By Oliver Kurmis via Wikimedia Commons

By Oliver Kurmis via Wikimedia Commons

I have a full-time job as a manager, I work as a coach on the side, teach at a business school, study in the MAPP, run several blogs and publish articles in practitioner journals very regularly – and I am a husband and a father. Therefore, people often ask me about my time management. The truth is: I may be somewhat of a workaholic (in a positive sense) and I do not regularly get those eight hours of sleep that my body craves for. But the other side of the coin is: I do not waste any of my time! There simply are a lot of things that I choose not to do – even though I know I would immensely enjoy them.

Let´s see what Csíkszentmihályi has to say on what could be called ‘fake flow’:

“[I]nstead of using our physical and mental resources to experience flow, most of us spend many hours each week watching celebrated athletes playing in enormous stadiums. Instead of making music, we listen to platinum records cut by millionaire musicians. Instead of making art, we go to admire paintings that brought in the highest bids at the latest auction. We do not run risks acting on our beliefs, but occupy hours each day watching actors who pretend to have adventures, engaged in mock-meaningful action.”

Enter Barry Schwartz:

“But if unrestricted freedom can impede the individual’s pursuit of what he or she values most, then it may be that some restrictions make everyone better off. And if “constraint” sometimes affords a kind of liberation while “freedom” affords a kind of enslavement, then people would be wise to seek out some measure of appropriate constraint.”

I intuitively threw out my game console at age 14. Back then, I spent day after night after day playing strategy games like ‘Sim City’ or ‘Civilization’, which is totally fine – for a teenager. The thing is: I´m pretty sure I´d still do it today. Those games fulfill the requirements for a flow experience to a very high extent (goal clarity and immediate feedback, high level of concentration, balance between skills and challenge, feeling of control, effortlessness, altered perception of time, melting together of action and consciousness, autotelic quality).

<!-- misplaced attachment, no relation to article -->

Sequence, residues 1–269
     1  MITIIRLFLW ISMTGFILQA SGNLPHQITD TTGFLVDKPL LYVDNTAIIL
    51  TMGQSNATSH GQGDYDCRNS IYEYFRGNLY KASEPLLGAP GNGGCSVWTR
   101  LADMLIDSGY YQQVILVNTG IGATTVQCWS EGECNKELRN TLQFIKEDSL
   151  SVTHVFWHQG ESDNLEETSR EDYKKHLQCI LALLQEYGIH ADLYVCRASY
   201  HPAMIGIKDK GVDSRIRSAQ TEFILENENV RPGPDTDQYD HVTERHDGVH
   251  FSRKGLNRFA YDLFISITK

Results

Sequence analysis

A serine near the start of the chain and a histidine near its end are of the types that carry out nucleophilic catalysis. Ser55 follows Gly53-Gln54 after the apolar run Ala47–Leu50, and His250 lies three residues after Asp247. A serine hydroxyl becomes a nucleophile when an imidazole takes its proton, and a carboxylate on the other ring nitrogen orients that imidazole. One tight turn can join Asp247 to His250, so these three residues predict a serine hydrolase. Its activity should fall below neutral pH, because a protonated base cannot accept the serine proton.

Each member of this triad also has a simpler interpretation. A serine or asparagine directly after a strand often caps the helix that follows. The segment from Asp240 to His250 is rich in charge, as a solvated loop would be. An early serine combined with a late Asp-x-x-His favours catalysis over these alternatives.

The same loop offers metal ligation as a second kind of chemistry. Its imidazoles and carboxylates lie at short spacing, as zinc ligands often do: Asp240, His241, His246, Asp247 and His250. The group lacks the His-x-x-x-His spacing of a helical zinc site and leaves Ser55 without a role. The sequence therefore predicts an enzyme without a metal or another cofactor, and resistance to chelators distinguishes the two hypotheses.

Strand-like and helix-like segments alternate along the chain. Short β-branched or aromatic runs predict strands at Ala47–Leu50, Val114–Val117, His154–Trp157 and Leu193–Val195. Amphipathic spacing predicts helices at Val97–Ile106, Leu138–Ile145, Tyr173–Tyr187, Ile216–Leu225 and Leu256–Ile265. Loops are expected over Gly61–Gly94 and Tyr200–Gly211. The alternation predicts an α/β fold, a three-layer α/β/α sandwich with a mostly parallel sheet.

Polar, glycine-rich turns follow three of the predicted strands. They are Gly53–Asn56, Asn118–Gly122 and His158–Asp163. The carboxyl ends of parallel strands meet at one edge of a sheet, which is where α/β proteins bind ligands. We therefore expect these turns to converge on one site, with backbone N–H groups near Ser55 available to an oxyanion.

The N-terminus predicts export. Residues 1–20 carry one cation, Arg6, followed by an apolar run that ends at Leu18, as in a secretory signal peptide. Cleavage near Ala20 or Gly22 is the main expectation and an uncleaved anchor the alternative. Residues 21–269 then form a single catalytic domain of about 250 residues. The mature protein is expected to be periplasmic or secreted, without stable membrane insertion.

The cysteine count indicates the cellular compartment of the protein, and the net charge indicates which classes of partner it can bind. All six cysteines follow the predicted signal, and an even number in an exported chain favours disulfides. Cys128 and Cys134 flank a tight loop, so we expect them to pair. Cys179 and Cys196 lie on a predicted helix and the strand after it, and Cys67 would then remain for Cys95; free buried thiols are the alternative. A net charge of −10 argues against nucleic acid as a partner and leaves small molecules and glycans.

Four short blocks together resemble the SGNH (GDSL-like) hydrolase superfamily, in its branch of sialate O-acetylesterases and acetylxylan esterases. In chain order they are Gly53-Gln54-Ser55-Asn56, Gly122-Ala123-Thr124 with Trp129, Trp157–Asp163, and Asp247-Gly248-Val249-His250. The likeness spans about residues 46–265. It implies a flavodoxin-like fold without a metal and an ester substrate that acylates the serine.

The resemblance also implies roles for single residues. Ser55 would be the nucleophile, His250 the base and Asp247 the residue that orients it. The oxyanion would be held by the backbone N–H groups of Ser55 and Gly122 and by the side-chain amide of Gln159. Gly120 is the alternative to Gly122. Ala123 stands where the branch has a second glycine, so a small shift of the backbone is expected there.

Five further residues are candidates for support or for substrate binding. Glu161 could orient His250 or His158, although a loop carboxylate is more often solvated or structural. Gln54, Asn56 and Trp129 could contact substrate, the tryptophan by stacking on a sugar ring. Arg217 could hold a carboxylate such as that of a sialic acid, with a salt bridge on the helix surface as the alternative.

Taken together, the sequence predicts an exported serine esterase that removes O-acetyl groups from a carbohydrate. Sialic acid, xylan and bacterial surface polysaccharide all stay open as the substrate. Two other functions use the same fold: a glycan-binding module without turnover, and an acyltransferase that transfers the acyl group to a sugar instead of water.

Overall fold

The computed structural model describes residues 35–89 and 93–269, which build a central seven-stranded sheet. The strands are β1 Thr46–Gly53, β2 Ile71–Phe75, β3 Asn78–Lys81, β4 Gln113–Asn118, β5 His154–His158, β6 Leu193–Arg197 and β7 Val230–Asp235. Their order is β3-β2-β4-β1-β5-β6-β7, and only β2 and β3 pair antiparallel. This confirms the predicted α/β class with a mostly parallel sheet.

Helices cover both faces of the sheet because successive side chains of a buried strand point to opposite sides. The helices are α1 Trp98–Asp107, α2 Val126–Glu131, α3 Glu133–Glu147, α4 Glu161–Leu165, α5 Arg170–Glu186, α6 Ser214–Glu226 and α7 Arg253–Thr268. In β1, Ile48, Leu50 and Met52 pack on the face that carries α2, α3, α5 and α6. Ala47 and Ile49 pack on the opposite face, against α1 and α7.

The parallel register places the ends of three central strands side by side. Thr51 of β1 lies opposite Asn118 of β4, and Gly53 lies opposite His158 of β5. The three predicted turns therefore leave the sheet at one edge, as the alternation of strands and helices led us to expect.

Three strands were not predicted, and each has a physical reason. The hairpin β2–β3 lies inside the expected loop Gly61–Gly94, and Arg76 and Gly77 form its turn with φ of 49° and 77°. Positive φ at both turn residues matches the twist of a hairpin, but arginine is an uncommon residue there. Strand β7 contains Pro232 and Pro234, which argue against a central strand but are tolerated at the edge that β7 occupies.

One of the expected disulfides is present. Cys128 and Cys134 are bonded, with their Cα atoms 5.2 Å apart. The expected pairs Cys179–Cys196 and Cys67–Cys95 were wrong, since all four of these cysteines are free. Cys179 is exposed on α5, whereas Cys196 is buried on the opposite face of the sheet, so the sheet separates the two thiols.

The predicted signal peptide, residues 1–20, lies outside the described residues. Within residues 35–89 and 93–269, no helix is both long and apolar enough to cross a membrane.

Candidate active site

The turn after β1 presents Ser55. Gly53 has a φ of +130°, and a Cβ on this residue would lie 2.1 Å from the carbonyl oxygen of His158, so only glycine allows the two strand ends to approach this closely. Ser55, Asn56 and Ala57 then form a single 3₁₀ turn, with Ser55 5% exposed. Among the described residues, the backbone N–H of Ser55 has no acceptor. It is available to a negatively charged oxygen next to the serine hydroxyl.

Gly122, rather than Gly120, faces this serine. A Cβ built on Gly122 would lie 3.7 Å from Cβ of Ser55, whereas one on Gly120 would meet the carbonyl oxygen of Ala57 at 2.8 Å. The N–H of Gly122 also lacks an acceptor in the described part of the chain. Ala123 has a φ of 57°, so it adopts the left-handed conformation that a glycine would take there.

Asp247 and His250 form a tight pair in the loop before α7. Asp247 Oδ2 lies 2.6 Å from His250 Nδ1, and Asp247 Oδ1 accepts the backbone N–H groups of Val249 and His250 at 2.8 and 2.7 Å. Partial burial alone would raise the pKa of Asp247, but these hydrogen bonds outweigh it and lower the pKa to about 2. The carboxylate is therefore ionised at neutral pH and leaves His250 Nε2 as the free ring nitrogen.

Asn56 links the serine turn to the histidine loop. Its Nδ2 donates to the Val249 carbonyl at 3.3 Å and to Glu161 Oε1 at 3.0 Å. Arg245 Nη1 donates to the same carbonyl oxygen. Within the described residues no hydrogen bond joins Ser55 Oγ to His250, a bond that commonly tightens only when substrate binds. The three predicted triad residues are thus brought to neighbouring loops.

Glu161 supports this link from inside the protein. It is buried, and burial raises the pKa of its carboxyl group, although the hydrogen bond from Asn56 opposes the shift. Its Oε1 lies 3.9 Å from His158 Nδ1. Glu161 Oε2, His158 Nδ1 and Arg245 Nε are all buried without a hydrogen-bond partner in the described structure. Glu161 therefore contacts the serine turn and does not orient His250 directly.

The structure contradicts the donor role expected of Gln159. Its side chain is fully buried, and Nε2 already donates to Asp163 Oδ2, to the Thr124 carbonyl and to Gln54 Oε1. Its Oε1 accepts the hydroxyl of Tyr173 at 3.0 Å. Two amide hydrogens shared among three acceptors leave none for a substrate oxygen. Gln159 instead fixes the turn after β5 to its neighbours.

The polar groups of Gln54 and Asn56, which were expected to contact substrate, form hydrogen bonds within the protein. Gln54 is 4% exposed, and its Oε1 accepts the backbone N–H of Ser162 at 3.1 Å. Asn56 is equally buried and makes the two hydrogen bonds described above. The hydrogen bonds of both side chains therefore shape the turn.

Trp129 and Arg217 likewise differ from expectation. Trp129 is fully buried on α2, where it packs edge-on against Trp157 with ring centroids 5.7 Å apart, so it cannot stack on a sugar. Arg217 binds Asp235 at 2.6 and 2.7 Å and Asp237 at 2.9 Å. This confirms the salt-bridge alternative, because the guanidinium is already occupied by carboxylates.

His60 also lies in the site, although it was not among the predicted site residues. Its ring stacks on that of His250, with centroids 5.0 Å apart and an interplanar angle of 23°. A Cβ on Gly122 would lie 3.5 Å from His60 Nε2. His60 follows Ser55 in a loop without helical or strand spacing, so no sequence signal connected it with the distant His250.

But it is not the real McCoy. It does not get things going in the real world. And while I would never argue that playing is not for grown-ups, as always, it’s the dose that makes the poison. Same thing with watching TV: I know there are a lot of absolutely great TV series out there. I´m positively sure I would immensely enjoy ‘Mad Men’, ‘Breaking Bad’, ‘Boardwalk Empire’, and all the other Emmy-winning masterpieces out there. That´s why I have never watched a single episode. I choose not to be immersed in those artificial worlds. I feel my life is fascinating enough.

Let´s hear Csíkszentmihályi once more:

“The flow experience that results from the use of skills leads to growth; passive entertainment leads nowhere. Collectively we are wasting each year the equivalent of millions of years of human consciousness. The energy that could be used to focus on complex goals, to provide for enjoyable growth, is squandered on patterns of stimulation that only mimic reality.”

I take my hat off to the producers of those series. It takes a lot of effort and human consciousness to create them. But how much consciousness is lost by consuming them? I don´t like to squander mine. Maybe we can all learn a lesson from Odysseus: sometimes, we need to be tied up in order to hear the music…

*If you´ve ever wondered how to pronounce his name in English: it´s something along the lines of ‘Me-High Chicks-Sent-Me-High’. 🙂